The Last Three Princes

Scott Fenton


red velvet

The date is no disaster, but when the clock strikes midnight, I click open the velvet case I’ve been lugging from bar to bar and reveal there is no crown inside. “Kieran.” I lean into my body mic. “This is not our Fairytale.”

Kieran tries to flip our table, but it’s bolted down—another climactic moment sponsored by Lil Sweethearts Peel-N-Eat Oranges.

The editors will add the Lil Sweethearts logo in post.


The filler Princes are easy to eliminate. Brandon’s drinking rapidly becomes not-cute. Charles only looks good in blurry disco lighting. On the dance floor, Jared spills his vodka cran on me and ruins my favorite blazer.

What sayeth I? Fuck you, Jared—goodbye.

The truth is, I thought I would be ugly forever. Before I could even speak, I was cursed. Coarse fur. Hunchback. Truly, where I belonged was in a faraway forest, hunting rabbits under the light of a full moon. But the network executive in the sleek black suit thought I belonged on television. I could barely fit into the elevator, but up in his velvet red office on the fifty-seventh floor, he took one look at me and said, “We’ve found our star.”


The last three Princes move into Fairytale Castle full time. They leave their jobs and sign waivers. I lower the drawbridge for their arriving U-Hauls.

Inside the castle, the last three Princes carry weapons.

Drew A. wields a spray bottle of disinfectant with which he keeps Fairytale Castle spotless. He hires a sous-chef and enchants our kitchen knives so that they can chop vegetables without him. That way he can spend more time pleasuring me. He gets off on giving—I can tell he’s coming when I hear the sound of an approaching vacuum.

Drew B. wields hedge trimmers. He tends the castle grounds, trims portraits of me in the rose garden. He knows to make my nose smaller than it really is. He knows to flatter me. Every three months, he drains the moat to prevent the formation of algae. He can lure the crocodiles into their cages by flashing his abs.

Drew from Finance wields a letter opener. He counts my gold, makes sure the bills are paid on time. He schedules my brunches, lunches, and afternoon teas, and he shuttles me to my every appointment in our pearl white limousine.


After thirteen harmonious episodes, the network adds a prize—$500,000 cash, plus a lifetime supply of Peel-N-Eat—to coax an ending out of us. It shan’t work, I write them. We’re in love. But the last three Princes turn on each other. Drew A. whispers that Drew B. is letting the hedges grow tall so that he has a secret place to bring his lovers. Drew B. accuses Drew from Finance of embezzling money from the castle vault to pay off his business school loans. Drew from Finance says that Drew A. is adding drops of something unsavory to my food, slowly poisoning me.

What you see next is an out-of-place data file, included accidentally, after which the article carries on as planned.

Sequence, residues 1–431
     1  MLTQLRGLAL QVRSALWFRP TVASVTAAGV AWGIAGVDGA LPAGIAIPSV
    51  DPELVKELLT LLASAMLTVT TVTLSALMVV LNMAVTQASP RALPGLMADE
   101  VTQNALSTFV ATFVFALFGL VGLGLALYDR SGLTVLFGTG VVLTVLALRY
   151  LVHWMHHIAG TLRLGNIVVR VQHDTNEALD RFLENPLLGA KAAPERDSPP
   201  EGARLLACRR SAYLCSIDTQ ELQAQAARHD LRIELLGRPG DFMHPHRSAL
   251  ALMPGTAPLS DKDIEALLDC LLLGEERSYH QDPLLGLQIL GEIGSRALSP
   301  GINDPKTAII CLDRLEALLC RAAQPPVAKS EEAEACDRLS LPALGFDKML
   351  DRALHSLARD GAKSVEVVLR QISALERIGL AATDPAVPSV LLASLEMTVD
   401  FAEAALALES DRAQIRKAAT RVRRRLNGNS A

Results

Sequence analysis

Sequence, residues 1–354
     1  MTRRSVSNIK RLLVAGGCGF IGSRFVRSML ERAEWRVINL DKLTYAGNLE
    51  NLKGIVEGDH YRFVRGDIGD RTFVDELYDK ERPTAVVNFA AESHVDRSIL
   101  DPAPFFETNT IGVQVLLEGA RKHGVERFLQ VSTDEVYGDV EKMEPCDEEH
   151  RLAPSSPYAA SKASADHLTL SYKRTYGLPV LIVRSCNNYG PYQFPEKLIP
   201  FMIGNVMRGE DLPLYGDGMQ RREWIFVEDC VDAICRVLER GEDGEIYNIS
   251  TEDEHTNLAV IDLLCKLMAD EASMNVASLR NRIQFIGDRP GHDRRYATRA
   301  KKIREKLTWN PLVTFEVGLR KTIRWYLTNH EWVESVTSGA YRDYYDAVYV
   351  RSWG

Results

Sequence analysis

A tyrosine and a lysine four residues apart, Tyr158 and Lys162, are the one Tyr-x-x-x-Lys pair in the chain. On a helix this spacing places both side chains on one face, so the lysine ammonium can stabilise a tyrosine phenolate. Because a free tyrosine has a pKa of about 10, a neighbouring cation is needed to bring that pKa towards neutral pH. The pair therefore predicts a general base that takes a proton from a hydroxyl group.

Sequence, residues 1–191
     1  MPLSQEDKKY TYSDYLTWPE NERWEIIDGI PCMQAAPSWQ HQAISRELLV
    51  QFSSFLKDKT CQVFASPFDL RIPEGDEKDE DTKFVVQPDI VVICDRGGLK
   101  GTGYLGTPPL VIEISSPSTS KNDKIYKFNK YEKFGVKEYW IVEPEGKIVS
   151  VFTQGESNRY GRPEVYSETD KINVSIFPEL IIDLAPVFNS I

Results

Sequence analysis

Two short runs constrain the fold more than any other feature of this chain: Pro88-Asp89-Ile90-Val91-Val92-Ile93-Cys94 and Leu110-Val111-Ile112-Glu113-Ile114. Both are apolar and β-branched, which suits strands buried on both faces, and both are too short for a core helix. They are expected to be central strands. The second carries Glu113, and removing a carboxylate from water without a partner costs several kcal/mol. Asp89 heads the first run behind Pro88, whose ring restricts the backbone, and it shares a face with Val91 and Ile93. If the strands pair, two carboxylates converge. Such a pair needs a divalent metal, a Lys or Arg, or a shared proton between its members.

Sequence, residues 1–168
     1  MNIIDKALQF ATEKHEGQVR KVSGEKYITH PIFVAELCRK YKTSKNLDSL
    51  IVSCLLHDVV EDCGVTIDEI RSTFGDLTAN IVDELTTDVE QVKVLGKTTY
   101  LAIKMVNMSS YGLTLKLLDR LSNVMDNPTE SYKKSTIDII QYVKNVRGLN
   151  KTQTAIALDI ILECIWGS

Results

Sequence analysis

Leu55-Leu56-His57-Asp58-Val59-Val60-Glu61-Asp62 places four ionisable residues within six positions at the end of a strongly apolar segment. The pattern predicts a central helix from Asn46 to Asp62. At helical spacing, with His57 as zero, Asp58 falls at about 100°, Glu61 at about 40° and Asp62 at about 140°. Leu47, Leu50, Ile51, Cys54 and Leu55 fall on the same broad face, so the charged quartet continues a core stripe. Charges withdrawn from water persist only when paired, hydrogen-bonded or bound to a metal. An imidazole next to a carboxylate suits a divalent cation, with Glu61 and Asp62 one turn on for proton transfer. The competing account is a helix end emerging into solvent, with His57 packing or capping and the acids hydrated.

I ask Drew from Finance, Have you seen how many martinis I drink? I tell him I’m slowly poisoning myself already. At our next feast, I stamp out the Princes’ bad behavior with the threat of a Plot Twist. What if I bring back an eliminated Prince? Charles the Ugly would never cheat on me. Jared the Clumsy wouldn’t steal from me or murder me drop-by-drop.

Drew A. says, But we’re the Top Three, fair and square. I’ve watched every episode of Fairytale, and Fairytale has rules.

I smack the chicken leg out of Drew A.’s hand. I say, This isn’t about you. This is my Fairytale.


We live together like this for a hundred episodes and make enough memories for a satisfying clip show. Even in my old age, the sex is still good. Hair and makeup are capable of such wizardry that the last three Princes still look like heroes depicted in stained glass, and although that feels like enough of a Fairytale finale to me, viewers and sponsors and eliminated Princes send fanmail on long scrolls, begging for resolution.


On the final day of production, I summon the last three Princes to the courtyard. The crew has readied confetti cannons for the victor. This is the strongest Top Three in the history of Fairytale, I announce from my balcony, and the nationwide vote is too close to call. What about an additional 113-episode season before deciding the business of Happily Ever After?

I call off the cameras.

The last three Princes don’t care if the cameras aren’t rolling. They’ve gotten more than enough screentime, and besides, why would they quit Fairytale when they’re this close to the Final Crown? Together we shuck our mics and mic packs, toss them into the moat. We wave goodbye to the TV crew, save for hair and makeup, who will be paid in room and board for dolling up my Princes every morning before I wake.

Barely a fortnight passes before word arrives at Fairytale Castle that the network has placed a bounty on my head. I’m told to expect war. Lil Sweethearts outfits its legal team in armor and sends them to Fairytale Castle on horseback. I watch their steady approach from my balcony, their focus-grouped march through the green.

Hair and makeup and the last three Princes fight off the horde before they can storm the castle. I take careful sips of my martini and watch the sword-on-sword action down on the drawbridge. Heads lopped off and tumbling like oranges into the moat.

The last three Princes on the marble staircase, their street clothes stained with blood and viscera. We’ve fought for you, they say. We’ve slain your enemies. The least you could do is tell us what you’ve decided.

I tell them I’m sorry, I’ve decided nothing. Of course I appreciate their loyalty, their unwavering love, but haven’t I given the Princes everything that they wanted?

They say, Love? What of it?

All the last three Princes want is to know who wins.


Scott Fenton is a graduate of the MFA program at Indiana University. His work has appeared or is forthcoming in Green Mountains ReviewHobartSmokeLong Quarterly, and Ninth Letter Online.